Many societies have worshipped the Fertile Goddess as the supreme site of fertility, motherhood, and the creation of life. The earliest proof comes from archaeological finds—paintings and figurines of women with exaggerated secondary sexual characteristics, which emphasize fertility. Famous pieces, such as the Venus of Lespugue and the Venus of Willendorf are Upper Paleolithic (30,000–10,000 B.C.) examples that may have been worshipped as goddesses. Scholars have suggested that they may have been sculpted by women looking down at their own bodies. These figures are assumed to be pregnant because Paleolithic and Neolithic (around 10,000 B.C.) people did not have enough fatty foods in their diet to be able to attain that weight. These types of female votive figures were widely produced and worshipped by very early civilizations such as the Indus Valley Civilization, also called the Harappan Civilization (2500-1500 B.C. in modern day Pakistan and Northern India), and ancient Sumer (3500-2025 B.C. present-day southeastern Iraq) at a time when men were only depicted as infants or children.
Marija Gimbutas, a leading scholar in the study of early goddess worship, has linked the prehistoric goddess figures to water, having found early female figures incised with symbols denoting water in its various forms, as well as imagery linking rain and streams with breast milk and amniotic fluid. In The Language of the Goddess, considered a significant work in the field, she suggests that these figurines and their associated symbols, found throughout the Neolithic period as well and into the Bronze Age (2000–1400 B.C.) in Crete, could represent a goddess religion that was passed down through time.
One of the most important archaeological sites for scholars of early goddess worship is the Neolithic town Çatal Hüyük in Anatolia (present day Turkey). Çatal Hüyük was perhaps the first urban center, an agricultural society that subsisted on trade and was wealthy enough for its citizens to own luxuries such as mirrors. It was also a city of shrines, with a shrine for every four or five houses. Most of these shrines were dedicated to the goddess, usually depicted as either pregnant or in the process of giving birth. Many early fertility goddess images have been found at Çatal Hüyük, both painted on the walls and as sculpted figurines. Many scholars and archaeologists have used the excavated site to theorize about an early matriarchal society in which the primary divine being was the Fertile Goddess, a model for subsequent goddess worship traditions.
The place setting for the Fertile Goddess includes prehistoric elements related to early societal roles for women and to worship of the goddess as the site of birth and nourishment. All the materials on the runner were made with techniques probably used by Paleolithic-era women to produce similar objects. Bone needles were handmade from cow femurs and the wool was spun on a drop spindle, one of the earliest tools invented by women.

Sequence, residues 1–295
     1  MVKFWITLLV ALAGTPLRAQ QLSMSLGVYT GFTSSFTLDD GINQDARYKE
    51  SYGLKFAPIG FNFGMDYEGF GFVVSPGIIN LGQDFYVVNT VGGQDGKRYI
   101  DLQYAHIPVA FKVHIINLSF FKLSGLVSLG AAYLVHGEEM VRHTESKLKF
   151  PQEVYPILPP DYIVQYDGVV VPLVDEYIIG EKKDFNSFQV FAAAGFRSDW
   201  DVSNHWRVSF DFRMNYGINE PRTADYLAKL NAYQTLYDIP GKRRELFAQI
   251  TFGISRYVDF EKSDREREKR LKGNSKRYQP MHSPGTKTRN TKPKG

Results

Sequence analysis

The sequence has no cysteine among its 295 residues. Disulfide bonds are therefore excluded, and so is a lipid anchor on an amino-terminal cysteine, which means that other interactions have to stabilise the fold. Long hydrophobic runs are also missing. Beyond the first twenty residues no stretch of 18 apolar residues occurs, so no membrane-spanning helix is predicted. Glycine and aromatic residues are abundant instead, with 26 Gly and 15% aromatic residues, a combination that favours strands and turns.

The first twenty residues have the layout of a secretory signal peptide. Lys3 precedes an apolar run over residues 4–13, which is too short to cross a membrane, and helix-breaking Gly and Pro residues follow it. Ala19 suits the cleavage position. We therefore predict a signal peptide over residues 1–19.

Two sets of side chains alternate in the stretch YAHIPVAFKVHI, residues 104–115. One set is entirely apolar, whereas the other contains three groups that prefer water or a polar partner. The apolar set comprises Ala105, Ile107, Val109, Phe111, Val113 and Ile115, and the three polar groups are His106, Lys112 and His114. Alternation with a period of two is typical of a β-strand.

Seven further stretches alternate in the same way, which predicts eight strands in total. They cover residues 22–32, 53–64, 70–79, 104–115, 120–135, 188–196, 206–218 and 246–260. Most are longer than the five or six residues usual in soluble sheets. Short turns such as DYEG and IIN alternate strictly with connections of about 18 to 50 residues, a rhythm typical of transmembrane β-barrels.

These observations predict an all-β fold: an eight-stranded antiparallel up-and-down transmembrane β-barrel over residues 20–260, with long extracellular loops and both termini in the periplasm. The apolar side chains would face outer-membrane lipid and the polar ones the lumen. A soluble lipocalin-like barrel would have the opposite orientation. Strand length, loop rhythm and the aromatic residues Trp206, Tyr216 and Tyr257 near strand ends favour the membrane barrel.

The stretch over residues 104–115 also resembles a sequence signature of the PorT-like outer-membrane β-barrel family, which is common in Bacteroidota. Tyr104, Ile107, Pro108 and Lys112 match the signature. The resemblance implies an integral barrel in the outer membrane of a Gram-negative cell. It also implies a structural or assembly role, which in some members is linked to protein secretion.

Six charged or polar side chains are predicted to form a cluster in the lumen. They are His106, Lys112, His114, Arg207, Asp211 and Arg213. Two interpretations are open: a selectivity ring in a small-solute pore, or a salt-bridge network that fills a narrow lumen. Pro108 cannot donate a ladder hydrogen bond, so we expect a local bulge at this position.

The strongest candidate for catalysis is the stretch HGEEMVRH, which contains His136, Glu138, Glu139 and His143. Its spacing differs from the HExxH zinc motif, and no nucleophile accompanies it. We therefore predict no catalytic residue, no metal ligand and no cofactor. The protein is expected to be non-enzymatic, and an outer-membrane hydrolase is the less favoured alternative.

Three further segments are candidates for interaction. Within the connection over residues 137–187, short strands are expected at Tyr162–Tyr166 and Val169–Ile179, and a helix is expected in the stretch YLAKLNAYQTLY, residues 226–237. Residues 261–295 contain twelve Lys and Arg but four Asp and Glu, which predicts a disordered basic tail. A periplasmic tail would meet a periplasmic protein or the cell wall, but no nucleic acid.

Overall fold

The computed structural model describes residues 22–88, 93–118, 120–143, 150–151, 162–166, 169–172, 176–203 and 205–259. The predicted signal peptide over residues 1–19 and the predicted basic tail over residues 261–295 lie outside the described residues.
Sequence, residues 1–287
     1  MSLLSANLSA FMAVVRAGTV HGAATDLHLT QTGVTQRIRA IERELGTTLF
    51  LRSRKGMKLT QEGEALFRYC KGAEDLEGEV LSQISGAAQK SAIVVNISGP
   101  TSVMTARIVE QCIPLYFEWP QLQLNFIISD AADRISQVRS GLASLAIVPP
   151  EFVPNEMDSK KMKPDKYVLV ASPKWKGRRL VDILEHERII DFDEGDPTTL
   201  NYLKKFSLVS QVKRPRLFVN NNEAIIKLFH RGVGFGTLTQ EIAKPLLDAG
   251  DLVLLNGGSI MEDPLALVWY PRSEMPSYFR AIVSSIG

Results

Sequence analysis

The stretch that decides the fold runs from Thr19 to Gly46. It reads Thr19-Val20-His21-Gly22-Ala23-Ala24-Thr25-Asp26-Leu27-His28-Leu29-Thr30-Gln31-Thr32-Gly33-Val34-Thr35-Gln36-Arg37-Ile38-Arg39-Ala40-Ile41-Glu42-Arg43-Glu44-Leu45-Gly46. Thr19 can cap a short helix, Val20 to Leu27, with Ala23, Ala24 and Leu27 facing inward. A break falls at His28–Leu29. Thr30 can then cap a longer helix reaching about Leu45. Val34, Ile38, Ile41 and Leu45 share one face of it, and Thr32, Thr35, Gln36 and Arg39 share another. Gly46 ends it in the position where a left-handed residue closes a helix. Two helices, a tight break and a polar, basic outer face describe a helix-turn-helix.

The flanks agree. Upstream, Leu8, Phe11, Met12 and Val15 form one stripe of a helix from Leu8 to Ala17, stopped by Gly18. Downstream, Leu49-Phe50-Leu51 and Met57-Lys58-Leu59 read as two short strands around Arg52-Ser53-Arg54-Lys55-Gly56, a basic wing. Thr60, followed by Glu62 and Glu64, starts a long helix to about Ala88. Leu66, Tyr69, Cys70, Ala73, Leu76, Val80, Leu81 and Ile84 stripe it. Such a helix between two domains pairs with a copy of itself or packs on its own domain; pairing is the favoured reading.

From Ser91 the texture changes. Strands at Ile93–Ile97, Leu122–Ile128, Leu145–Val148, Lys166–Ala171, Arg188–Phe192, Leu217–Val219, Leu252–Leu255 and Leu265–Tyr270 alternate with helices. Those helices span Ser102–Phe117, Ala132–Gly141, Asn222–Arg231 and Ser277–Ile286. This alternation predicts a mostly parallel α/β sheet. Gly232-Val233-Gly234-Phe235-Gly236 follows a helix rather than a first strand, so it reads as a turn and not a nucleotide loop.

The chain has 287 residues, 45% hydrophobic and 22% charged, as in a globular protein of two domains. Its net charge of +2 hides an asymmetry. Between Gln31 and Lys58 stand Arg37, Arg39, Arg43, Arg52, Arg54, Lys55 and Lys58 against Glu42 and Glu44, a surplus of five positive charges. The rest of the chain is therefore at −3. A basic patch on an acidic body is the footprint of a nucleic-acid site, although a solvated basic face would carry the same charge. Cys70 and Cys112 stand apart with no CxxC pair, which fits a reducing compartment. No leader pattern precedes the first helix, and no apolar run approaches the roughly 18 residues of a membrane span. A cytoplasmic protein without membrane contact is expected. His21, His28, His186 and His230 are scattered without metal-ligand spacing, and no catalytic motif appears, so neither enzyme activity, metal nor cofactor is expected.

As in the Primordial Goddess place setting, the coil is the predominant form on the runner; it refers to the early coil baskets and pottery made by women. The coarse burlap used as the backing references early textiles, another product believed to have been produced exclusively by women. This place setting pays tribute to the pottery, baskets, and textiles Neolithic women traditionally created, many of which were used for farming and food cultivation. As farming marks the start of the Neolithic period and is considered responsible for advancing civilization, the place setting also signifies women's roles in shaping ancient society.
Many of the formal and stylistic decisions for the runner and plate were influenced by early goddess images, such as the Venus of Willendorf. These objects were thought to have been used as amulets and for worship by both men and women; their ample forms are echoed in the fleshy qualities of the plate. Figures woven into the runner represent early reproductions of the female body, effigies that were used to worship women as creators and nurturers. Shells and starfish adorn the runner and refer to the association of the sea with women, fertility, and goddesses, such as Venus.
The plate's central core (or vulvar) imagery includes round forms suggestive of breasts and other natural elements linked to female fertility, such as seeds.
Related Heritage Floor Entries
Translations, Editions, and Secondary Sources
Eisler, Riane. The Chalice and the Blade: Our History, Our Future. 1987; reprint ed. New York: HarperCollins, 1995.
Gadon, Elinor W. The Once and Future Goddess: A Symbol for Our Time. San Francisco: Harper & Row, 1989.
Gimbutas, Marija. The Language of the Goddess. San Francisco: Harper and Row, 1989.
Goodison, Lucy, and Christine Morris, eds. Ancient Goddesses: The Myths and the Evidence. Madison: University of Wisconsin Press, 1999.
Husain, Shahrukh. The Goddess: Power, Sexuality, and the Feminine Divine. Ann Arbor: University of Michigan Press, 2003.
Ruether, Rosemary Radford. Goddesses and the Divine Feminine: A Western Religious History. Berkeley: University of California Press, 2005.
Sjoo, Monica. The Great Cosmic Mother: Rediscovering the Religion of the Earth. 1987; 2nd ed., San Francisco: HarperSanFrancisco, 1991.